Apple CEO Tim Cook relied on generalities to describe the gadget giant’s take on virtual reality, despite reports that the company has been amassing a force in the immersive format.
“I don’t think it’s a niche,” Cook said on a call with analysts to discuss its latest quarterly results. “It’s really cool and has interesting applications.”
Virtual reality, an entertainment and communication format that makes viewers feel like they’re in the middle of the action, may go mainstream this year, with a slew of companies bringing headsets to market.
The notable exception: Apple.
Apple’s chief device rivals Samsung and Google, as well as other tech giants like Facebook, have aggressively developed hardware to make VR more accessible, while Apple has remained silent.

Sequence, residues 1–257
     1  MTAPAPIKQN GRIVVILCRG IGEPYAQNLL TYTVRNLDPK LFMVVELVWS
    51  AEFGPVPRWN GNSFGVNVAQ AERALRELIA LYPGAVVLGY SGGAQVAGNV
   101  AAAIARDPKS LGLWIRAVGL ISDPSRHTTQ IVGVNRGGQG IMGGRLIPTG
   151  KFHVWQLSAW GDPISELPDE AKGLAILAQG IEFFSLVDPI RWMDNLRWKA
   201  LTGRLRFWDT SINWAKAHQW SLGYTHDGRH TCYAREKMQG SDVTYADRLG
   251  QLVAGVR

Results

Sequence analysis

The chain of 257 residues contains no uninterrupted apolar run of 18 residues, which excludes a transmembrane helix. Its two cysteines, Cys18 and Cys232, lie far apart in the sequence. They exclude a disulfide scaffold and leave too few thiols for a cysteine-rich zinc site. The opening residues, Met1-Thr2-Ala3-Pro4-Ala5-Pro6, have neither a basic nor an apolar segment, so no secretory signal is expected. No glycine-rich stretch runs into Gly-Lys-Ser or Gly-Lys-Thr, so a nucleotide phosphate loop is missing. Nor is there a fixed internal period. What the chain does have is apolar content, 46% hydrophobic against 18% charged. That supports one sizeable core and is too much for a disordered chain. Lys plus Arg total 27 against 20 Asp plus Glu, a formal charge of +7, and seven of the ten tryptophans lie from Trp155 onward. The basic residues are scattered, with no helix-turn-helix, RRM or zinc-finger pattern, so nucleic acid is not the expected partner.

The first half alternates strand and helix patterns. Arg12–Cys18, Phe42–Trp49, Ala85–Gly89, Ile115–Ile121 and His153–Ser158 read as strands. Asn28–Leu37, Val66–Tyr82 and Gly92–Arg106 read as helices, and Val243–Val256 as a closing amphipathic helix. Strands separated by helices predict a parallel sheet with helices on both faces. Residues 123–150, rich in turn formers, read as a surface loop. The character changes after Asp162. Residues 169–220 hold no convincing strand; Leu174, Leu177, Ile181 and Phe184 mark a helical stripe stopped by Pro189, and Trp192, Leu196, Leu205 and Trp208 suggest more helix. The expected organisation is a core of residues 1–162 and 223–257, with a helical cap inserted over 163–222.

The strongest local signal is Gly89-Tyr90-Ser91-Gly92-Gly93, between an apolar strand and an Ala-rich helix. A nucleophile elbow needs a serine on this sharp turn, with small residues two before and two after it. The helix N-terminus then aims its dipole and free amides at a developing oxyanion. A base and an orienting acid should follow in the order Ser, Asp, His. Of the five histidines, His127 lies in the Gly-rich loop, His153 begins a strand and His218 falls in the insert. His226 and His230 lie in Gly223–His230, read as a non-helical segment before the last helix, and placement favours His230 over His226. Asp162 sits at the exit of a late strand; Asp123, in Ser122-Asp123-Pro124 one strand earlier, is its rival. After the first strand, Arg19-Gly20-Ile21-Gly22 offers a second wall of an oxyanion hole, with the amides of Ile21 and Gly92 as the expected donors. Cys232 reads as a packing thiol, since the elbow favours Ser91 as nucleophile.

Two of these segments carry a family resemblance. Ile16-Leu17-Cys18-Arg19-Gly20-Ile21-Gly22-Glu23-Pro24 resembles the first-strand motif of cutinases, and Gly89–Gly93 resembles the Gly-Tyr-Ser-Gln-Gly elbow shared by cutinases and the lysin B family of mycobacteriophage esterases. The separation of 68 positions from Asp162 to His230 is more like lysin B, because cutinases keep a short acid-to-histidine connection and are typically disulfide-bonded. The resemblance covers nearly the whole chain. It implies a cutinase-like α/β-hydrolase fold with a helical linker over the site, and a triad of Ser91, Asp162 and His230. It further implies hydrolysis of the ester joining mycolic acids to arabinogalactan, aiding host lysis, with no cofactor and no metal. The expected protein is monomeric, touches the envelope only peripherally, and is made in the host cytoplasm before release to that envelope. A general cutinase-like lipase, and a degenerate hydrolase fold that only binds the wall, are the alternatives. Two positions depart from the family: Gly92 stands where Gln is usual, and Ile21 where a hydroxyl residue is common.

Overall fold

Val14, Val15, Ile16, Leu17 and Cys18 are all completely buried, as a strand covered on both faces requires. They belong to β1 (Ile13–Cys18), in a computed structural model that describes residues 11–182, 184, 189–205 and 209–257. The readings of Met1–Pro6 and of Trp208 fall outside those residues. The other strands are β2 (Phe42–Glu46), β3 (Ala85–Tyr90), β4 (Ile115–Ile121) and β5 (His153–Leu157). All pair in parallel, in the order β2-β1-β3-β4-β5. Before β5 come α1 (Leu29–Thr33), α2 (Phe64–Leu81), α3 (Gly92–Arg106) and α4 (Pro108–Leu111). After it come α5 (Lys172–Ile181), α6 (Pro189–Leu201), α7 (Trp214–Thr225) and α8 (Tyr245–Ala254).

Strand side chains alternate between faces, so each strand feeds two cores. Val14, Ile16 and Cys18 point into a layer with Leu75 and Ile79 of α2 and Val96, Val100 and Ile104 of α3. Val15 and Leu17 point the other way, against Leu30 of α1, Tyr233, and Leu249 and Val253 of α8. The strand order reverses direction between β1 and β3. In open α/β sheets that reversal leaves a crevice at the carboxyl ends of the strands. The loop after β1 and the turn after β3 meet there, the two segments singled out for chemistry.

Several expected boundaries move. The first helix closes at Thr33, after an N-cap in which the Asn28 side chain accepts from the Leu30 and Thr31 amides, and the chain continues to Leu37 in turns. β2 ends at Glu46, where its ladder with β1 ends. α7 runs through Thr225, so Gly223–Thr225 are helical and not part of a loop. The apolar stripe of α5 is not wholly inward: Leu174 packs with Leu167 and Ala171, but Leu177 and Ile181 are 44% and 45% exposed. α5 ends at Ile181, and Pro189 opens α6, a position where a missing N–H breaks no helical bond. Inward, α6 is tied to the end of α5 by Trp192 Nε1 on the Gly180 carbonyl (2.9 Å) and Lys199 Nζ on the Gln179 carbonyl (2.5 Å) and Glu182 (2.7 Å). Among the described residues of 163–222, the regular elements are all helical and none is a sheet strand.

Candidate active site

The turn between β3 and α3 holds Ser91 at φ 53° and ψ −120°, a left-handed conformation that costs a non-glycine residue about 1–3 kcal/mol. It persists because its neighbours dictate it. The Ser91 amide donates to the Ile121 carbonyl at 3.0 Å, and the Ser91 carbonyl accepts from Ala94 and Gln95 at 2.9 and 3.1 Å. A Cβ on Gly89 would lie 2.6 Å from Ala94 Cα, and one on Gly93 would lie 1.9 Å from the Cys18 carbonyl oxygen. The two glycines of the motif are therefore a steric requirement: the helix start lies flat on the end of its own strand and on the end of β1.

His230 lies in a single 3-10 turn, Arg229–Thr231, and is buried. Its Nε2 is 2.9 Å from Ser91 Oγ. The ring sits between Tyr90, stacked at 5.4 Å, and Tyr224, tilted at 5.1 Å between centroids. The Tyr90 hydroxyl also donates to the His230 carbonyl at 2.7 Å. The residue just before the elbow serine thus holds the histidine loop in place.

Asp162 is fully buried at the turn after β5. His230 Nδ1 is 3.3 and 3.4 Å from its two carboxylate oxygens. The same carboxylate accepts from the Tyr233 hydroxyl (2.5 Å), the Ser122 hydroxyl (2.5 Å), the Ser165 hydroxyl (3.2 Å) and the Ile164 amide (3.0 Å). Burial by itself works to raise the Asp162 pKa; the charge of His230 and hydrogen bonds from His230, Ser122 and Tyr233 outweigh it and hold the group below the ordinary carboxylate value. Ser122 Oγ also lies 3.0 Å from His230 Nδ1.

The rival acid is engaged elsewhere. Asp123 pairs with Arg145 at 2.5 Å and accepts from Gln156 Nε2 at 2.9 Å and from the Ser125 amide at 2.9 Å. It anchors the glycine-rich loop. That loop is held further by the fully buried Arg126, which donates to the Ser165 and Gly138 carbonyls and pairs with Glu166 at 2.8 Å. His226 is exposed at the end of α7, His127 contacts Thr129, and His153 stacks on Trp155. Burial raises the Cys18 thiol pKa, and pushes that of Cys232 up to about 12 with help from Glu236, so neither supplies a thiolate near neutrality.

However, other indicators suggest Apple has been quietly building a VR force. Earlier this week, the company confirmed it has hired a virtual-reality expert from Virginia Tech, following its hire of a audio engineer instrumental to Microsoft’s Hololens project, which shifts sound direction based on how you move your head.
Last month, Apple analyst Gene Munster at Piper Jaffray noted that Apple has hired more virtual- and augmented-reality personnel than Oculus-parent Facebook. The company has also acquired Metaio, a software company with VR patents, and PrimeSense, which designed the first motion sensors for Microsoft’s Xbox Kinect.